26th PAC Report 2006-07
Department for Work and Pensions: Progress in tackling pensioner poverty - encouraging take-up of entitlements
Edward Leigh MP, Chairman of the Committee of Public Accounts, today said:
“Measures by the DWP to encourage pensioners to claim the Pension Credit to which they are entitled have made good progress. But billions of pounds are still lying unclaimed in the Treasury. A far better place for them would be in pensioners’ pockets.
“Pension Credit is at least reaching more pensioners than its predecessor benefit - but up to 1.6 million eligible pensioners are still not claiming. Even more worrying is the fact that take-up of Housing Benefit and Council Tax, both administered by local authorities, is actually declining.
“The truth is that the Department’s approaches to encourage take-up of benefits are suffering from the law of diminishing returns. Many pensioners suffer from privation and new and imaginative thinking is needed to encourage them to claim the benefits which can make a big difference to their quality of life. Such new thinking should embrace developing a shared target for all the different agencies to encourage them to concentrate on pensioners’ well-being. It should also extend to allowing pensioners to claim linked benefits through one single transaction; and to focusing on the areas of the country where take-up is poorer.”
Mr Leigh was speaking as the Committee published its 26th Report of this Session which, on the basis of evidence from the Department for Work and Pensions, examined what had been achieved in encouraging take-up of benefits since 2003 and the scope for further improvement.
In 2004-05, an estimated 1.8 million pensioners lived in households below 60 per cent of median income (the definition of relative poverty used by bodies such as the Social Exclusion Unit and the OECD). In 2003, our predecessors reported on the Department for Work and Pensions' efforts in partnership with others to tackle pensioner poverty by encouraging pensioners to take up the benefits to which they were entitled. The Committee made recommendations on setting targets; communicating effectively with pensioners; working in partnership; and simplifying and reducing duplication of processes.
Considerable progress has been made against these recommendations. More pensioners receive Pension Credit, introduced in October 2003 to ensure that pensioners had a minimum amount to live on, than its predecessor, the Minimum Income Guarantee. The Government set a target to pay Pension Credit to 3 million households by 2006 and 3.2 million by 2008. The Department did not meet the 2006 target and does not expect to meet the 2008 target, but the targets have helped to drive the efforts and led to 2.7 million people receiving Pension Credit by 2006.
Despite this progress, in 2004-05 there were still between 1.1 and 1.6 million eligible pensioners not claiming Pension Credit, which equates to a take-up rate of between 61 and 69%, and means that almost a third of eligible pensioners are still missing out on some entitlement. In value terms, £1.5 and £2.1 billion of Pension Credit is not being claimed, corresponding to 72 to 79% take-up of the total entitlement. The National Audit Office's analysis of local patterns of take-up shows that some groups are more likely to miss out, for example pensioners in rural areas. The amount of Housing Benefit and Council Tax Benefit not being claimed is also large, and take-up of these benefits has actually declined in recent years.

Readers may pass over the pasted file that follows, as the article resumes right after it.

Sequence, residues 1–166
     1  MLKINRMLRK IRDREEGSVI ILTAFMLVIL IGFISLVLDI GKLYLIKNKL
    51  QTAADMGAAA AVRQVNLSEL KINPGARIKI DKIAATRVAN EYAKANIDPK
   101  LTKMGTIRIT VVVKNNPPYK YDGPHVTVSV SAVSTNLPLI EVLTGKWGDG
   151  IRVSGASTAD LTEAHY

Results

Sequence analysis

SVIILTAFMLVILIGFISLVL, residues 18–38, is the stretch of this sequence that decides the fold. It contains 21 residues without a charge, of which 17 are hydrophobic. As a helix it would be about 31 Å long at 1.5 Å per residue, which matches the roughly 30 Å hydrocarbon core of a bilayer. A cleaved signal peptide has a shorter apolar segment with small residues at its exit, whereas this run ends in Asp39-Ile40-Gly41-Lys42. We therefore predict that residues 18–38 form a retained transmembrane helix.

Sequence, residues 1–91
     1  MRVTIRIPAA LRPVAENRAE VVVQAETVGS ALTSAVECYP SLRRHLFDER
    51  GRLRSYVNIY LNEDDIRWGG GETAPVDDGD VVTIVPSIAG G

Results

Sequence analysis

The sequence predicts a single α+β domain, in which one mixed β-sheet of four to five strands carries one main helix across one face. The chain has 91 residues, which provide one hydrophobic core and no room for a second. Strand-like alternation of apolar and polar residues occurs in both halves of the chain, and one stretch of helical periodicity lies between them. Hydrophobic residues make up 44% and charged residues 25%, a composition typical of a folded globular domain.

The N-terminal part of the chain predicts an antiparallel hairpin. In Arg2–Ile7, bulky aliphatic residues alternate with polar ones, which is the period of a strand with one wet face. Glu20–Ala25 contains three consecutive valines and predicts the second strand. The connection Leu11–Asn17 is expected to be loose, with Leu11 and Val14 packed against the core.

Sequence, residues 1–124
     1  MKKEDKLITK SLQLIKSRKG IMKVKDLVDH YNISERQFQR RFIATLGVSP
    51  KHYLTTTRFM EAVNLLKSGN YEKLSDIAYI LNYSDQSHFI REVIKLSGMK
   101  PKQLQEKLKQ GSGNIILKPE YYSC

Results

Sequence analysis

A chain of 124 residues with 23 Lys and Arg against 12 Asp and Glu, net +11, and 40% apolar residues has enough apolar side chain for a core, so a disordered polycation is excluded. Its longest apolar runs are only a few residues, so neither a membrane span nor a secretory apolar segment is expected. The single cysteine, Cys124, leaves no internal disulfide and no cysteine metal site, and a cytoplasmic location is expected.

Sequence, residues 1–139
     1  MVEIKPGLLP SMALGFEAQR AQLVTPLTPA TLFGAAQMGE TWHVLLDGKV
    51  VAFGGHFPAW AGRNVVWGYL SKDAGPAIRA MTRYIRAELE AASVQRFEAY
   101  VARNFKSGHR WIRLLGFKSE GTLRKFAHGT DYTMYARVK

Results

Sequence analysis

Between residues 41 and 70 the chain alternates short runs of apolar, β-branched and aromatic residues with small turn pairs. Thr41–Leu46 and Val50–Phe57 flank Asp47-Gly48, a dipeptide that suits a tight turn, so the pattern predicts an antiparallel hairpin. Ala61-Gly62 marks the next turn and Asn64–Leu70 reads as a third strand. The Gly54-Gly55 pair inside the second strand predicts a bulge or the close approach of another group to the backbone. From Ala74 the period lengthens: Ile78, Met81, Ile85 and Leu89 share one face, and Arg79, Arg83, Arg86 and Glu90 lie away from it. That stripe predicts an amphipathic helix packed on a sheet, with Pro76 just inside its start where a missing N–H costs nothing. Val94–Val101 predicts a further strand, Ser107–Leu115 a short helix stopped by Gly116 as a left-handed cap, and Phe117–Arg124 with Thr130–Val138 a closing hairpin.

The Pension Service identifies pensioners missing out on entitlements and encourages them to apply. It has established a Local Service which offers home visits to help with claims, providing assistance on a range of benefits and services, not just those administered directly by The Pension Service. Much of this work is done in partnership with other local agencies. It is easier to claim Pension Credit than its predecessor the Minimum Income Guarantee and there are now links with claims processes for other benefits, although individuals still have to repeat some actions to claim different benefits.
At a local level, there are 400 Alternative Offices where benefit claims can be processed by other organisations such as Citizens Advice Bureaux and Age Concern on The Pension Service’s behalf. Local authorities, the voluntary sector and other public service providers have a common interest in combating pensioner poverty. Many are involved in local initiatives to increase take-up but there is not much evidence of which of these activities are successful, and there is less partnership work with the health and housing sectors than might be expected considering their contacts with pensioners.
Notes for Editors
1. Contact details for requests for further comment from Mr Edward Leigh are provided below. ISDN facilities are available for broadcasting purposes.
2. The full text of the Committee’s Conclusions and Recommendations is attached to this press notice.
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